Language formed.

Am halfway through “A Girl Is A Half-formed Thing”. Now the first page is enough to think you’ve bought a typo-laden rejected printer’s copy. Not so, for I am used to “Ulysses”, TS Eliot, Shakespeare, Courttia Newland, texting language and other written works in the making. So I blinked to clean my glasses as you do and carried on. Totes maze would have been accepted in 2012 when language and London changed for a while, when the Queen swung through the Stratford air, when art became anything.

I rested for a couple of hours to check some tickets at Eventbrite, some tickets for a show about loving the earth. It  was then time to check out some reviews of the book. I’d read the last pages as I do for all my literature. Some laugh. It’s like this. I’m in it for the structure and the language, the twists and the finale. Stories are astonishing to the extent that I am not going to know them all because some I just can’t bear to know. I know many to the extent that familiarity breeds a little frustration. The story of the half-formed thing is bad enough and has familiar characters such as the “holy Joes” and the chastising battering mother. However it unfolds through language that’s in a mind and not mine so unwittingly I move through the tale, concentrating on who is talking and when, bouncing on weird syntax and safe because I’m in that structure rather than in the mix with some unsavoury characters.

I’d released the book from the edge of my laptop and the line of my bust and was thinking whilst watching the “Broadchurch” trailer and remembering Joy at Words Of Colour and how strict she is regarding the use of language and clichés about all the new words and all the phrases invented by advert-makers and ourselves using old words for new meanings I’ve used comfortably post Olympics . Paralympics itself was a word to use out of respect even though its four syllables threw people and its meaning was upset by PC. Some of the words and phrases have been around a long time usually in Cyberspace or Dalston.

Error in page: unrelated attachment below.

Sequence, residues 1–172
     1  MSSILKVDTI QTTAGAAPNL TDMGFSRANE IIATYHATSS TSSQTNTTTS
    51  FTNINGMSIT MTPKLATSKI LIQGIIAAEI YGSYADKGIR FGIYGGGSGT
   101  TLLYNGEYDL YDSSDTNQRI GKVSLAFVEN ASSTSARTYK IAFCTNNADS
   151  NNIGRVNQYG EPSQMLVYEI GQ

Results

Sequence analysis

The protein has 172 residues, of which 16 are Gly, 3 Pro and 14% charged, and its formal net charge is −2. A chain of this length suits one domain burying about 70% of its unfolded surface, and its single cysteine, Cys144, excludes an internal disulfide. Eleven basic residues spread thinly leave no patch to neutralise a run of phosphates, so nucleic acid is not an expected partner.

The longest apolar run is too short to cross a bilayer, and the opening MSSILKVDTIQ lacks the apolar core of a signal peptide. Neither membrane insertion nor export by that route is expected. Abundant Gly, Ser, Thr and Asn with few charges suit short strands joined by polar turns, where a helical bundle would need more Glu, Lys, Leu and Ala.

There’s      ” immersive theatre, barista, upcycling, lappie, tablet,  girl can, trending, cloud, streaming, Hijabi, Londonist, craftivist, You’re so money, hipster, artisan-bread, mindfulness, well-being, sustainable, interns, urbanist, food bank, ultra-local, pop-up, gone down, hub, surbunites, outage, Olympicopolis, Smithsonian, engaged,

And then totes amaze on the D&D registry, a playwright used “Hijabi” and an administrator is abandoning the concept of “immersive theatre”.

No condition is permanent.

World Book Night Giver

Did my stint yesterday dodging the pelting stones and dragging my trolley of “The Road” paperbacks down into deepest council estate Walthamstow. Did you see the rain?

Do you know the number of so-called vulnerable seniors I met with laptops and Kindles? Stil a free book’s a free book by any other name.

The books went in a flash. Punters don’t quite get the deal that you read and pass on, like a chain letter and  email: Then someone in Australia ends up with the book you’ve leafed through. More like they end up at the Honesty Book Shelf at The Mill E17 in Coppermill Lane!

Read “The Road” at the Brunchers Book reading group, Sutton House Hackney. Ace read. Up there with “The Girl With The Dragon Tattoo.” Enjoying “Ulysses” now in cyberspace with the Brick Lane Book Group, Quentin Woolf’s baby.

After the great giveaway there was nowhere to go because it was ice banging on the roof so I hung out with the octogenerians who were waiting for Dial A Ride. Wait they must!. Anyway, widowed Vera was sharing her recipes with me, telling me about her 6 month holidays in Cyprus and how all her relations pop off with the dreaded C.  Me, I could listen all day. Little does Vera know that she is about to star in a reminiscence project served by 4Diversity: Together as One.